Alderman Coleen Burrus, 9th Ward, said, “I think this is a good idea to start talking with an agency that is willing to redo the site and will be taking over the maintenance of it. … I also remain extremely concerned about what’s happening in the building now.” She said that, on a capital tour sponsored by the City last month, she had seen basins half-full of water, trees growing in the gutters, lead paint in some areas and electric power strips connected to other electric power strips.
“I don’t think we want anyone to be in a place that’s unsafe, and I’m very concerned about that,” said Alderman Delores Holmes, 5th Ward.
“Has the fire department maintained oversight of this building and declared it safe for current use?” asked Sixth Ward Alderman Mark Tendam.
“Yes,” Mr. Bobkiewicz responded. “As far as using the building, we are confident that it is workable.”
“Electrical [issues] can be fixed,” said Ald. Tendam. “I don’t want the opinion out there that this is somehow a dangerous place.”
“I would agree that we do not believe it is a dangerous place,” said Mr. Bobkiewicz. Referring to a list of needed repairs identified by the City several weeks before, he said, “The list remains.”
Ald. Grover cautioned against “undermining the future of the Art Center by this discussion. I think the Art Center has taken a hit in enrollment from these discussions. I want there to be an Evanston Art Center five years from now.”
‘Ambiguity’ and a ‘Hot Date’
“Ambiguity is something we do very well here at City Hall,” said Ald. Tendam. “We did send the Art Center in a direction and gave them a co-worker – that is, the City. So all of a sudden something else comes along – you know, you’ve got a hot date but someone else hotter comes along. Do you renege on the date or do you maintain the honorable thing to do – or date a couple of people at the same time?”
Picking up on the metaphor, Mr. Bobkiewicz said,“And since I serve as chaperone for many of those activities, I’m here asking the question [about referring the matter to City Council].”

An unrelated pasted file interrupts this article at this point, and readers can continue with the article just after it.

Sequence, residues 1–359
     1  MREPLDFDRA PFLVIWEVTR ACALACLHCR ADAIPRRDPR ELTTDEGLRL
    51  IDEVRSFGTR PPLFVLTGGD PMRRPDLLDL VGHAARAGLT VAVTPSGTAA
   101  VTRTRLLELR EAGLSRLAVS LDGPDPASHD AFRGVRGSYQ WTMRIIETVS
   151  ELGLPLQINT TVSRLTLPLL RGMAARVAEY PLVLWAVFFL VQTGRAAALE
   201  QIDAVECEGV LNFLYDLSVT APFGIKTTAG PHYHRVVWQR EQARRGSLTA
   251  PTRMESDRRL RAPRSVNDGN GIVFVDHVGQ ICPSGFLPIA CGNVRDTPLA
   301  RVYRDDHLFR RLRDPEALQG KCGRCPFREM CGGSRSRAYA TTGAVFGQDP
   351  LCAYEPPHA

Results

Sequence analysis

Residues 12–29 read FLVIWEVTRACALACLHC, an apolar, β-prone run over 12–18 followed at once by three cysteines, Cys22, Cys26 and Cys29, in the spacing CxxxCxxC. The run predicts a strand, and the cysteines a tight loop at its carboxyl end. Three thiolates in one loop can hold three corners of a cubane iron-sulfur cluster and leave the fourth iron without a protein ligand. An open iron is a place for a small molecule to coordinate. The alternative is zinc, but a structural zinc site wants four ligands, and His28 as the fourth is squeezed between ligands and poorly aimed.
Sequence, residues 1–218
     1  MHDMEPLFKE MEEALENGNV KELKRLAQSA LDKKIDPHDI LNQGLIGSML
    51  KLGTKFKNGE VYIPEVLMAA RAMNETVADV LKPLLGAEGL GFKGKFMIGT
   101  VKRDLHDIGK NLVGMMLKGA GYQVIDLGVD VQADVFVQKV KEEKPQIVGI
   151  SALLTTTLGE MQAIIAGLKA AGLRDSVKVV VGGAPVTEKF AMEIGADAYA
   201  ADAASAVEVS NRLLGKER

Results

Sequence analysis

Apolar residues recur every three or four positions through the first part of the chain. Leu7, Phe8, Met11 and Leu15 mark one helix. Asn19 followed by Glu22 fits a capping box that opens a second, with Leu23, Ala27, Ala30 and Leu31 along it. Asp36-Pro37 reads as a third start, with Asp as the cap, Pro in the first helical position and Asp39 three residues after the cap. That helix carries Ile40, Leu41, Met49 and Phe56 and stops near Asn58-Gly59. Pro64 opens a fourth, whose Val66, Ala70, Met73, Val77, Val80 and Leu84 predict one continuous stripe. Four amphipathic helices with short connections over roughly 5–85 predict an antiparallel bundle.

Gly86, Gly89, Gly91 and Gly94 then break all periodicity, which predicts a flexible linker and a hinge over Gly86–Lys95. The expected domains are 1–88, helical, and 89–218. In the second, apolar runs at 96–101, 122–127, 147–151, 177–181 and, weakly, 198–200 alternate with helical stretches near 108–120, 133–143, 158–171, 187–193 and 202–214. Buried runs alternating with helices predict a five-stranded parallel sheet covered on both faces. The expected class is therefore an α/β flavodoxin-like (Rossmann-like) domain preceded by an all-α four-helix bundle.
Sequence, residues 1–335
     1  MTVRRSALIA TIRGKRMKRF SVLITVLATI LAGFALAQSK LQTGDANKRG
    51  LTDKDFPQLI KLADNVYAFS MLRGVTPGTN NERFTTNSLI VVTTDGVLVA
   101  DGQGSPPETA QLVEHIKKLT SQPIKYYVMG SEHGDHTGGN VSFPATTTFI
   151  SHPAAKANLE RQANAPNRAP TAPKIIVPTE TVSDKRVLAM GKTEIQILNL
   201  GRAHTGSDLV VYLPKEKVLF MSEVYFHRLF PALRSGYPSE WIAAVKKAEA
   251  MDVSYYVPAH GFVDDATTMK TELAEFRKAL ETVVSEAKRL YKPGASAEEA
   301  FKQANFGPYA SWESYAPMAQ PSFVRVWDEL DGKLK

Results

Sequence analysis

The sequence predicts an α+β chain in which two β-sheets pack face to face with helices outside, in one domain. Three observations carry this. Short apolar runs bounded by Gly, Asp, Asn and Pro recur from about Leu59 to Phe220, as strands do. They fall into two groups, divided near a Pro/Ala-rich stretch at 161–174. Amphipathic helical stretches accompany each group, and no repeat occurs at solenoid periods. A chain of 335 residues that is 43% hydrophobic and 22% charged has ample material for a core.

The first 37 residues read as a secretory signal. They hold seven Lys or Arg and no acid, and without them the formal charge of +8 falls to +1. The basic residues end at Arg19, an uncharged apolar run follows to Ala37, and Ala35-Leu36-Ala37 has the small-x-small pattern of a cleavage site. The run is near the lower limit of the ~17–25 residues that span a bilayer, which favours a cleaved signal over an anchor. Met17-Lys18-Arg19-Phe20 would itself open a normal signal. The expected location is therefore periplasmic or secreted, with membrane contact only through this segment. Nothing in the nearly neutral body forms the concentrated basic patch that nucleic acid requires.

Ald. Tendam continued, “My request is to give the Art Center the amount of time we agreed to give them to show what they can do. I realize the other thing is kind of sexy because it’s new. Has IDNR identified any other potential locations?”
Mr. Bobkiewicz said they had not.
Alderman Judy Fiske, 1st Ward, said she was “fascinated” by the proposal.
Alderman Peter Braithwaite, 2nd Ward, said he was concerned about “the need for repairs to the building ... On the other hand, we have someone who is interested in the mansion. ... Having learned our lesson [from how the City handled the Taiwani proposal], my question is, ‘How will we go about keeping the community informed about these options?’”
Mr. Bobkiewicz said the City has created a list-serve from which emails are sent to parties interested in the mansion.
Near the end of the meeting, Evanston Art Center Executive Director Norah Diedrich that the Art Center’s legal counsel be allowed to respond to the “absolutely unfounded” and “extremely damaging comments” by Ald. Burrus.
Barack Echols of Kirkland & Ellis said, “We need for people to know that ... they can send their children there; they can send their students there. It’s a wonderful, viable place that is … a boon to the community. … It’s safe; it’s been inspected by City inspectors. … I don’t want there to be a suggestion that the [mansion] is unsafe for operation.”
As it now stands, the Art Center will present its final report at the January meeting of the Human Services Committee. IDNR will schedule a community meeting early next year. Discussion of their proposal will be on the City Council agenda in January or February.